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Principia Ethica Paperback – November 26, 1993

ISBN-13: 978-0521448482 ISBN-10: 0521448484 Edition: 2nd

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Product Details

  • Paperback: 352 pages
  • Publisher: Cambridge University Press; 2 edition (November 26, 1993)
  • Language: English
  • ISBN-10: 0521448484
  • ISBN-13: 978-0521448482
  • Product Dimensions: 5.4 x 0.8 x 8.5 inches
  • Shipping Weight: 1.1 pounds (View shipping rates and policies)
  • Average Customer Review: 3.7 out of 5 stars  See all reviews (18 customer reviews)
  • Amazon Best Sellers Rank: #1,920,388 in Books (See Top 100 in Books)

Editorial Reviews Review

It took us thousands of years of struggling with science and ethics before we thought to combine the two. While scientific ethics has advanced only gradually, the science of ethics burst into existence in 1903 with the publication of G.E. Moore's Principia Ethica, which did for the study of morality what Whitehead and Russell's Principia Mathematica did for mathematics--clarify old confusions and define terms that are still with us today. Practically overnight, ethicists turned into meta-ethicists, studying their own terms to establish theoretical ground on which to stand before trying to build any prescriptive edifices.

Moore begins by clearing up some of the most widely spread confusions plaguing moral philosophy, such as the naturalistic fallacy of Bentham, Spencer, and others who insisted on a precise, concrete definition of good. According to Moore, we have to settle for an intuitive assessment of goodness, and his arguments are powerfully compelling. Proceeding to define terms and territory that have lasted a century, he revolutionized philosophy and single-handedly altered the course of ethical studies for generations. While Principia Ethica isn't the easiest book to read (a dictionary of philosophy comes in handy for most of us), it is well worth careful study by anyone interested in the difference between right and wrong. --Rob Lightner --This text refers to an alternate Paperback edition.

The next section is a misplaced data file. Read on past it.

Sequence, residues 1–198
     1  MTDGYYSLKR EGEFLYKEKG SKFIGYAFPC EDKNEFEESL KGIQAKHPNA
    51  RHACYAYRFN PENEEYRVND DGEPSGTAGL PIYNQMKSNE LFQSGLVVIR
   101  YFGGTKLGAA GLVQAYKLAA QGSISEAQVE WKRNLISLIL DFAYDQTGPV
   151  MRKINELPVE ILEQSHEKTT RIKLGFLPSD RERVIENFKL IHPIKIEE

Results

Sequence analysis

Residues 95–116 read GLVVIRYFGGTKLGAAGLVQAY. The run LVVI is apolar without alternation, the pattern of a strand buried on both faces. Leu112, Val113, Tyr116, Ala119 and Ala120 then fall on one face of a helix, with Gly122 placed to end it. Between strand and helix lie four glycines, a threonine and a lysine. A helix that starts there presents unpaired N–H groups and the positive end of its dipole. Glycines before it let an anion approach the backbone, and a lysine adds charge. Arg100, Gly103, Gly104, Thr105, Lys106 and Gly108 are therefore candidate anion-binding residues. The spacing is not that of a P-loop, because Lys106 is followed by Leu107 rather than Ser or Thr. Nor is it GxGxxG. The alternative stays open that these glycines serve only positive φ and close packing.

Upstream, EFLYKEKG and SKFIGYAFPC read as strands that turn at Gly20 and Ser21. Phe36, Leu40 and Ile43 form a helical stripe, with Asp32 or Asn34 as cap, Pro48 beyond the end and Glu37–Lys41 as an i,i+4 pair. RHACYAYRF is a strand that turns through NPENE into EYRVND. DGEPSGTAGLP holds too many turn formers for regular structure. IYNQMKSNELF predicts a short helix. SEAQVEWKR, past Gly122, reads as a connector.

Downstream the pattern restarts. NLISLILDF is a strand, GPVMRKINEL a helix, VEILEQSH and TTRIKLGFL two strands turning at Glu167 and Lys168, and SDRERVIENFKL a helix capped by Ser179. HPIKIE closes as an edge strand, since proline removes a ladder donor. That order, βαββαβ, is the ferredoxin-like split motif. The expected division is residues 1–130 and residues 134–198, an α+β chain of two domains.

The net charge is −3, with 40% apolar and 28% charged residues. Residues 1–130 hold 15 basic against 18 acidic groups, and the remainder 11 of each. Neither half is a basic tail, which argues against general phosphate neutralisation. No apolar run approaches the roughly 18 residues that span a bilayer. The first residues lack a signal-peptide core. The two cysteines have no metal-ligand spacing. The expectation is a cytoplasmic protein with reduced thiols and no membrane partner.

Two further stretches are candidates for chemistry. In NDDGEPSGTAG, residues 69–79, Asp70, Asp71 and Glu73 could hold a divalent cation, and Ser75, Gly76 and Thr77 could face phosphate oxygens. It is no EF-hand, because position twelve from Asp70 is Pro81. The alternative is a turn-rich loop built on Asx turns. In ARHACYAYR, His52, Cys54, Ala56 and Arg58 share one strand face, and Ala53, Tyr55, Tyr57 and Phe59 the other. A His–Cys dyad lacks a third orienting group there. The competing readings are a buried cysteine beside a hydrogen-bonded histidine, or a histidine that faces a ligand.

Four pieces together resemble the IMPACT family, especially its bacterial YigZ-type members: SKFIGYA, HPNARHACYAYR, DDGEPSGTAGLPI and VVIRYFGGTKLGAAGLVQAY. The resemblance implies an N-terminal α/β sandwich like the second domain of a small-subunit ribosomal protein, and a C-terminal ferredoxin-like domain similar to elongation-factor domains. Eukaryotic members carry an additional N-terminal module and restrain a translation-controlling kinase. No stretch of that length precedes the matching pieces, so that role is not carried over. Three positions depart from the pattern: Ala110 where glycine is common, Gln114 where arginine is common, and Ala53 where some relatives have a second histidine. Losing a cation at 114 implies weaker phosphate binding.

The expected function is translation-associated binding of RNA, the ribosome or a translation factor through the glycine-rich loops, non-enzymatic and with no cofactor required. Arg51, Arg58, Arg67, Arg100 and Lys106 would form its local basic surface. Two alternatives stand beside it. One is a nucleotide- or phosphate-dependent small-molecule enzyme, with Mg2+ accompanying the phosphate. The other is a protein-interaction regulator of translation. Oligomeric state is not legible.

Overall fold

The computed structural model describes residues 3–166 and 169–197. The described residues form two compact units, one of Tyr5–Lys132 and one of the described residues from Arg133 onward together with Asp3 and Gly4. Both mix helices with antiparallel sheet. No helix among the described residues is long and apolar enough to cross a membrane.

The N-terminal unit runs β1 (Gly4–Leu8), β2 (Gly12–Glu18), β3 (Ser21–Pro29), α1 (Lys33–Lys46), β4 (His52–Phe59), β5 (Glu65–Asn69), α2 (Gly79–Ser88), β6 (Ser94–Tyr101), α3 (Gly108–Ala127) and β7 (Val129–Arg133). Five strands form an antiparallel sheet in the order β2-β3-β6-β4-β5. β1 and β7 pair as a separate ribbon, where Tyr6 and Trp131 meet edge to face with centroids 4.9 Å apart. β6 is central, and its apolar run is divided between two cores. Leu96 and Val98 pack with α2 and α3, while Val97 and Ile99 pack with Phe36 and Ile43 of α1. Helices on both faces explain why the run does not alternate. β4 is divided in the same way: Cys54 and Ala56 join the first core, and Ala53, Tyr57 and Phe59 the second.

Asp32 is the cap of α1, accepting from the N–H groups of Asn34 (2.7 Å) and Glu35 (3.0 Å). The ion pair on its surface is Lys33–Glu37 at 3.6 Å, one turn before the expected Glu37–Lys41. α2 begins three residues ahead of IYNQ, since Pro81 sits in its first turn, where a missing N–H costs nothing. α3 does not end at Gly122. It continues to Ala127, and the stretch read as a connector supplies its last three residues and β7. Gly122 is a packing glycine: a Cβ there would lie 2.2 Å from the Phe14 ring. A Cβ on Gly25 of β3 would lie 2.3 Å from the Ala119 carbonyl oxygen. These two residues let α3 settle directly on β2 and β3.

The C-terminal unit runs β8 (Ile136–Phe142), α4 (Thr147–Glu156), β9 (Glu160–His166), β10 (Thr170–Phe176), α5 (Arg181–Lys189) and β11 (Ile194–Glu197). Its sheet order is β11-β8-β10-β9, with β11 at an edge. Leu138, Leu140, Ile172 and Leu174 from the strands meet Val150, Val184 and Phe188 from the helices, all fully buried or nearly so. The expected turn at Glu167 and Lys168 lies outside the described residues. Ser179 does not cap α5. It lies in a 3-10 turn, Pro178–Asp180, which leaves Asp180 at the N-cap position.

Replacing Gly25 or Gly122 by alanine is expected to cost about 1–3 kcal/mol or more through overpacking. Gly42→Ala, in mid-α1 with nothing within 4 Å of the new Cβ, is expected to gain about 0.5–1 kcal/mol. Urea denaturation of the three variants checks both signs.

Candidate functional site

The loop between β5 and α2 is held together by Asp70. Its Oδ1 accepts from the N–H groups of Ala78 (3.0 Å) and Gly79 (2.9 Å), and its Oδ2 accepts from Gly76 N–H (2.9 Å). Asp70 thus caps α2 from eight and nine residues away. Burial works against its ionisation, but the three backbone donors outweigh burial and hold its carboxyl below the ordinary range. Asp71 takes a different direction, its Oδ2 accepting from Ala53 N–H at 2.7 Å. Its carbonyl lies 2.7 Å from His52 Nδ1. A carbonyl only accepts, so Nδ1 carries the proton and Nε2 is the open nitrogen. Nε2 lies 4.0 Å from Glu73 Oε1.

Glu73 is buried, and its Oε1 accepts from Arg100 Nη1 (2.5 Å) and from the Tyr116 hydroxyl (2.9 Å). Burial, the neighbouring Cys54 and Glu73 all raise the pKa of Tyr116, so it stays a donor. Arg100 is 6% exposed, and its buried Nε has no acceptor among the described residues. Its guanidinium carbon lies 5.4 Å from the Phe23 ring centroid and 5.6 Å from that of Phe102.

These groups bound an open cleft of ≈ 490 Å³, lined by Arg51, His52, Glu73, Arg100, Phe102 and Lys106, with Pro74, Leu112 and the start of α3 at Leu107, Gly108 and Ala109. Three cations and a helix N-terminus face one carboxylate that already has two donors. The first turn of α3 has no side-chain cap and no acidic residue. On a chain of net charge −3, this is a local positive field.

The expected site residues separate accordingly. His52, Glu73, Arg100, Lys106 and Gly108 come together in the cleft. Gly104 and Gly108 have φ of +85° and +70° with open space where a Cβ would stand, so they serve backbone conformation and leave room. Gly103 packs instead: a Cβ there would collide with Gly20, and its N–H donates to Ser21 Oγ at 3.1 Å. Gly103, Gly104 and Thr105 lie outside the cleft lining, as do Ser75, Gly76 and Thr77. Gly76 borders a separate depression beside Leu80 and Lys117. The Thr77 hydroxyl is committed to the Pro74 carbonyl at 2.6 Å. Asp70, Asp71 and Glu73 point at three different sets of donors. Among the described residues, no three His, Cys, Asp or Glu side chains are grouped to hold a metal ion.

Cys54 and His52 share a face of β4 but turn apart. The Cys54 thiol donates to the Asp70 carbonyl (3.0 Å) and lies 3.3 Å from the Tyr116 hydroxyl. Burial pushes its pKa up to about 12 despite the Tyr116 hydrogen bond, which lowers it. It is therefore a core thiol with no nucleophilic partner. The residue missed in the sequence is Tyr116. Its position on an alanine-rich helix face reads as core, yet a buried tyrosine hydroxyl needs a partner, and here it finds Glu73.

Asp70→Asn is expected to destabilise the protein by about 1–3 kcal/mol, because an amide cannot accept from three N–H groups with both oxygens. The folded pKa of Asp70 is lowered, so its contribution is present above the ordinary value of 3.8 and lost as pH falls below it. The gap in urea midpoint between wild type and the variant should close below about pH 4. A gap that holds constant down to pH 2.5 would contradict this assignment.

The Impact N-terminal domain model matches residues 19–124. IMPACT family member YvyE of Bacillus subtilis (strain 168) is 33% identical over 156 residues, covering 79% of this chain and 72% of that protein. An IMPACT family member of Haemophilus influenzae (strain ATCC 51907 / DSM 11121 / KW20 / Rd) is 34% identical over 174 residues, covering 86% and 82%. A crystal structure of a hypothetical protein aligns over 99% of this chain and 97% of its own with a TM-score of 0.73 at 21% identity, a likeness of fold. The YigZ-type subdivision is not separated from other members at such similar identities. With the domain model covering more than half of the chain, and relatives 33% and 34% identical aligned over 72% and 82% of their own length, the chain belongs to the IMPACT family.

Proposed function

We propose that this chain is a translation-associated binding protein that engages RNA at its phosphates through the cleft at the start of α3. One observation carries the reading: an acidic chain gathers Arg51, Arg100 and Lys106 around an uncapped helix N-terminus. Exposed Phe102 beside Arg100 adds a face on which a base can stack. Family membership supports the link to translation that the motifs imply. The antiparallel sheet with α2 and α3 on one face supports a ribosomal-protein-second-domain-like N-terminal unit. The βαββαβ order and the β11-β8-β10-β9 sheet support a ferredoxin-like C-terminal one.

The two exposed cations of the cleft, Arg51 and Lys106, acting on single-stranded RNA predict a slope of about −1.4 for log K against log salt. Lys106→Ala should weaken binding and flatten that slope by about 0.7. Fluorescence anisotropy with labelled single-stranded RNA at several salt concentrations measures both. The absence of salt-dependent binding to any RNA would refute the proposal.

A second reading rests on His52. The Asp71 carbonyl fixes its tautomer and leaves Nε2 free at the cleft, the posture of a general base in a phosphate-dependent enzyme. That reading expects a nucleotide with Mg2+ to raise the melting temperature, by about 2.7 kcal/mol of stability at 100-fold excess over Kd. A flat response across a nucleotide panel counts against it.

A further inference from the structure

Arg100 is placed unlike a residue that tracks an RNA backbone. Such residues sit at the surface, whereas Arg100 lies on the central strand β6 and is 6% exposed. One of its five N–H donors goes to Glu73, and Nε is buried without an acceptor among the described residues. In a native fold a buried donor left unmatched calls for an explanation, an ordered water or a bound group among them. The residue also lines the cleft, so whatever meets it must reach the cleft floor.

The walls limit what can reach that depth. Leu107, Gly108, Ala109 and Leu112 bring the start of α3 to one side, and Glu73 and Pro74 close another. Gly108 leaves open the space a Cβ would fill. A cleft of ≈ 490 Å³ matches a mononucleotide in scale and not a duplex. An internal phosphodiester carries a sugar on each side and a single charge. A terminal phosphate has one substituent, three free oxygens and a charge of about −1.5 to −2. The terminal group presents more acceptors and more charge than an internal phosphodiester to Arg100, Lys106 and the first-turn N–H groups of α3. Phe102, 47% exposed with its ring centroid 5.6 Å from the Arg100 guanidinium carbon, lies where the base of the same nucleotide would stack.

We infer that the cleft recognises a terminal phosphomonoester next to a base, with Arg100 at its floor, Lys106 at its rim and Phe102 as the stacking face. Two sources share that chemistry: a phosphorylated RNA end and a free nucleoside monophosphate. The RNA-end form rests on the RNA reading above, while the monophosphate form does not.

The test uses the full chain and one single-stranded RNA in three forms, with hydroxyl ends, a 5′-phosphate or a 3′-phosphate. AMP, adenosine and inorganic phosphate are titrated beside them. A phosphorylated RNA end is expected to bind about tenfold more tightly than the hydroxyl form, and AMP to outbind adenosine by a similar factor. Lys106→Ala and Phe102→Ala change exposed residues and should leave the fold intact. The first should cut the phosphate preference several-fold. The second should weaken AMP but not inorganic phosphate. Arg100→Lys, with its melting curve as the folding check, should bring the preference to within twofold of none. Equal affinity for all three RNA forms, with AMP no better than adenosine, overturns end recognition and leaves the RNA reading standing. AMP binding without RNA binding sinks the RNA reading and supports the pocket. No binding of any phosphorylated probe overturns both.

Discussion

"All future work on the nuanced development of Moore's ethical theory of necessity will have to make reference to this volume. The editor is to be commended for his useful introduction, appendix, and editorial skills." Ethics

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Most Helpful Customer Reviews

17 of 19 people found the following review helpful By Kevin Currie-Knight TOP 1000 REVIEWERVINE VOICE on April 4, 2005
Format: Paperback
George Edward Moore has the unfortunate privilege of having spawned one of the most uninformedly invoked ideas of all time - the naturalistic fallacy. Like Thomas Kuhn's "paradigm shift," the naturalistic fallacy is tirelessly invoked by writers to mean any number of things, not many of which agree with the author's original usage. That is perhaps one reason to read G.E. Moore's Principia Ethica. Another, of course, is that it is a classic of twentieth century ethics!